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This essay is a very belated response to a " part 1 " published in February 2015. The gist of that essay was a response to a corre...

Tuesday, December 7, 2010


At the end of this essay I said:

I think [the reader's existence in an imperfect world]'s the real reason "fans love crap." It's not that they love the flaws and mistakes that prove intolerable for nonfans. *If* they are experienced enough to be aware of the flaws, then they ignore the flaws in an *intentional* manner because they seek something in the reading-experience that transcends the flaws.

That "something" I've frequently called "myth" or "mythopoesis." More on that later, though first I may give Curt Purcell a chance to tell me if he thinks I've misinterpreted his essay.

I did not come back to the specific idea of mythopoesis in my next essay on this subject. Instead I concentrated on the proposition that the literary experience of works possessed of formal excellence might be "homologous" with that of "crap" works:

I merely pointed out that a reader's narrarive "immersion" in "crap" is essentially homologous with that of a reader's narrative "immersion" in "good stuff."

Curt Purcell then responded to my example in the comments-thread.

One problem with your Henry James example, by the way, is that anyone who appreciates James very likely sees the "nothing happens" part as feature rather than bug. It's not a flaw to be screened (no matter how it may seem to other readers), but part of the point. For that very reason, I have my doubts, too, that anyone really gets immersed in James the way we're discussing. There's a great deal of literary fiction (and its antecedents) that seems premised on the notion that immersion is suspect, if not outright pernicious. Formal difficulty and a sneering eschewal of conventionally rewarding elements (i.e. those that directly stimulate strong primary affective responses) work in tandem to withhold from the reader an experience that's immersive to almost any degree.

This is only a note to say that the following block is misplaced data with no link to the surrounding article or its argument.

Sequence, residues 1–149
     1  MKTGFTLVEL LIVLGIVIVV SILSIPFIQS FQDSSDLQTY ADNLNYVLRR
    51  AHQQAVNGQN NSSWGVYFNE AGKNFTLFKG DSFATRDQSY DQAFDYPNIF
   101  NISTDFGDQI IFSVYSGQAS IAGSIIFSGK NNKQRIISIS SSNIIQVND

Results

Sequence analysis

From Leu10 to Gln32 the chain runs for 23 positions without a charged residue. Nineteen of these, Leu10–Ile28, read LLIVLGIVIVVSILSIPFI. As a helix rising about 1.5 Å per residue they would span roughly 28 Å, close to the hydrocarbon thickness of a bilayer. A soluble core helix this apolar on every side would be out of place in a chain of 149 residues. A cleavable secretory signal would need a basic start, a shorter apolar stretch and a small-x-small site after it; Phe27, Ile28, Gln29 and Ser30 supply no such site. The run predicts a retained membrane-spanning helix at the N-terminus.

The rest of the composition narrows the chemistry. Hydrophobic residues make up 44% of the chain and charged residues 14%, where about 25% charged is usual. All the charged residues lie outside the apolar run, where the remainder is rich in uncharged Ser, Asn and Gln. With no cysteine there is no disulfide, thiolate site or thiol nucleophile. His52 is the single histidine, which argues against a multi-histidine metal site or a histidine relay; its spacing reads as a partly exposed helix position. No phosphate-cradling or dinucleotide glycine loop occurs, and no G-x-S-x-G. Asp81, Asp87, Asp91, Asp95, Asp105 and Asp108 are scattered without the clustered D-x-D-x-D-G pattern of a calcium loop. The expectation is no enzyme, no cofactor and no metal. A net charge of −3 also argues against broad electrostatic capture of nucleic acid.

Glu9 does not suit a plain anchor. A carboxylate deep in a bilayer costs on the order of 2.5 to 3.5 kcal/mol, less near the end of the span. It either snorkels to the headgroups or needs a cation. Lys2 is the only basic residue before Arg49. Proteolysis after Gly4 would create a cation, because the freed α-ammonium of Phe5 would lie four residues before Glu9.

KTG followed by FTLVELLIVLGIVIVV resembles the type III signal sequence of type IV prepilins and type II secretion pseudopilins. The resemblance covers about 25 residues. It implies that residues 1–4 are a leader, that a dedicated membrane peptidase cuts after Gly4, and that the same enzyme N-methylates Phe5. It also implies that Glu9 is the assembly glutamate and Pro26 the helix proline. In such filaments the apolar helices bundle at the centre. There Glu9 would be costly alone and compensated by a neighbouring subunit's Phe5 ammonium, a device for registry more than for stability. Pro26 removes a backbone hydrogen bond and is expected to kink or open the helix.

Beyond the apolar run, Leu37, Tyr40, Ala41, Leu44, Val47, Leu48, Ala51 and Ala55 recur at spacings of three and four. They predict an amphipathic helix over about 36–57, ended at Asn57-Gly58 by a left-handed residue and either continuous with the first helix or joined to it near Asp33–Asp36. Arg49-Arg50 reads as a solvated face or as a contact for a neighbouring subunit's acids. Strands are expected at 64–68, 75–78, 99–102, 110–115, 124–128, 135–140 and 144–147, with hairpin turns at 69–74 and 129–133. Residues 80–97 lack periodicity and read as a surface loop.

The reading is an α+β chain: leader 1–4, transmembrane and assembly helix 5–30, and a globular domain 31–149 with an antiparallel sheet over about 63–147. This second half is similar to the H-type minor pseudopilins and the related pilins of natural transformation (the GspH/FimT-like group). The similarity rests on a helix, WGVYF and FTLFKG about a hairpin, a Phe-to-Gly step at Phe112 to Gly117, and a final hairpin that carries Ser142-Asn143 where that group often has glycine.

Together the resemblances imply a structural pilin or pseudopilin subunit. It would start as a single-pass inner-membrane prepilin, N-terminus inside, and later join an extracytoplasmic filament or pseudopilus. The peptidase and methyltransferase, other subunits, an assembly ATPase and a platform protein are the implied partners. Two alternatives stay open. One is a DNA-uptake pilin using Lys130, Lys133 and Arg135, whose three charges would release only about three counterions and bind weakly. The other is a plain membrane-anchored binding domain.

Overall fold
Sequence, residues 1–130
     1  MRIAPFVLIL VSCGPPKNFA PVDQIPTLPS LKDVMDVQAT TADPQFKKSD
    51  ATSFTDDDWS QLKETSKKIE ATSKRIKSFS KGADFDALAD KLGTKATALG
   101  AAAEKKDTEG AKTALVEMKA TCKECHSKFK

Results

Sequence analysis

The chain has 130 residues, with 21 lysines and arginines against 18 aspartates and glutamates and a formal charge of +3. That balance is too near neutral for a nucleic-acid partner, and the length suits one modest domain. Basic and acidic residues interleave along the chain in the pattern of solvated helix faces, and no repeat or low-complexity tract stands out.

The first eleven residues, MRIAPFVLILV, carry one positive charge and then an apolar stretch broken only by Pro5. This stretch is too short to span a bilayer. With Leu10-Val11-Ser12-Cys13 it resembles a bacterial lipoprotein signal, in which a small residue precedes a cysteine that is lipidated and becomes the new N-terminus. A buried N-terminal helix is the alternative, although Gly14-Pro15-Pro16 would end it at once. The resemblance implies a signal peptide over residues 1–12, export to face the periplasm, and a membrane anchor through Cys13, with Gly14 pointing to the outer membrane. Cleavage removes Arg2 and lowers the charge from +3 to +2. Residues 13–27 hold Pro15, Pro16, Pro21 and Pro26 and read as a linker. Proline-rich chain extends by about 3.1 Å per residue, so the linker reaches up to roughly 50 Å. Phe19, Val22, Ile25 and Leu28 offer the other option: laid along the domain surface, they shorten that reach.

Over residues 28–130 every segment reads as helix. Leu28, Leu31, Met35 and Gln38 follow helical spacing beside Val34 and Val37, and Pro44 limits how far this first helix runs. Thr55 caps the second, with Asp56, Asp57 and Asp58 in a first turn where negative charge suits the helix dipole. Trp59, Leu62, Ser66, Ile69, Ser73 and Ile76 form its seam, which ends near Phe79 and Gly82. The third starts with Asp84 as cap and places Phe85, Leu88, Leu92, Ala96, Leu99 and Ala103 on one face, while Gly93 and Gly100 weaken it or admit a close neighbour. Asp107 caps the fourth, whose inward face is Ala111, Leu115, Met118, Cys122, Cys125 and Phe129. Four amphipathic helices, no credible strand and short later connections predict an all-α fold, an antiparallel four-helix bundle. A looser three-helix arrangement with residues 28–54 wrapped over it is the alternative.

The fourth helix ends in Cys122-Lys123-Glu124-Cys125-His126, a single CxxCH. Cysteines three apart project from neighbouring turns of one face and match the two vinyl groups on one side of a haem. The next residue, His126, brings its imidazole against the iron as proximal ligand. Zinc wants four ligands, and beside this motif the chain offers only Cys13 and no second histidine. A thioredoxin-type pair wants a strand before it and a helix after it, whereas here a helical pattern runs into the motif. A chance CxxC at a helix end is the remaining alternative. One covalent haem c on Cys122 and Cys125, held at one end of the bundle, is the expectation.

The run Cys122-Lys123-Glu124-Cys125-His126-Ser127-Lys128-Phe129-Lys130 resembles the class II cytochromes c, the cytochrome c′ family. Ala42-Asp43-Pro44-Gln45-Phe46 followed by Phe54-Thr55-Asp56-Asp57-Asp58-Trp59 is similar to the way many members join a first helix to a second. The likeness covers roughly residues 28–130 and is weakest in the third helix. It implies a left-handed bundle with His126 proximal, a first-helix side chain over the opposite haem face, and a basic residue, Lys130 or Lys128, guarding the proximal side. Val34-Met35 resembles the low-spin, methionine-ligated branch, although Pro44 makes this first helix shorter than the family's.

The first definition I accessed for "homologous" comes from American Heritage online, and reads:

"Corresponding or similar in position, value, structure, or function."

Putting "position" aside as irrelevant, let's look at how literary fiction and popular fiction compare in respect to the other three.

It's true that a text written in the canonical literary tradition *dominantly* approaches the concept of narrative in a different manner than that of much if not all things written in the tradition(s) of popular fiction. (And yes, I'm aware that the two categories can spawn some interesting crossbreeds, but that's why I have the little stars around the word "dominantly," dontcha know.) As Curt says, canonical lit-fic often the "eschews conventionally rewarding elements" that underlie popular fiction's strongest appeal, so on that aspect alone they don't function identically as to how their narrative worlds function. Mickey Spillane wants his readers to enjoy said "rewarding elements." Henry James may have his own set of "rewarding elements" but he does communicate them to the reader more by suggestion and innuendo than by outright depiction. So the two aren't homologous by function.

In terms of cultural validation, it's obvious that the two aren't valued identically, though one may be validated with higher sales while the other may be validated with Pushcart Prizes. Further, it would be a betrayal of pluralism for me to value them identically, however much I thought the culture at large failed to give Mickey Spillane his proper due, as against the more validated Henry James. Pluralism requires that Spillane be valued on the terms appropriate to pop-fiction, not because someone thinks there are hidden "existentialist" currents in his work, while James is valued in terms of canon-fiction.

That leaves structure-- and yes, it's at this point that I will say that this is where all literary experience is indeed homologous, in terms of that basic structure I term the *dynamization.*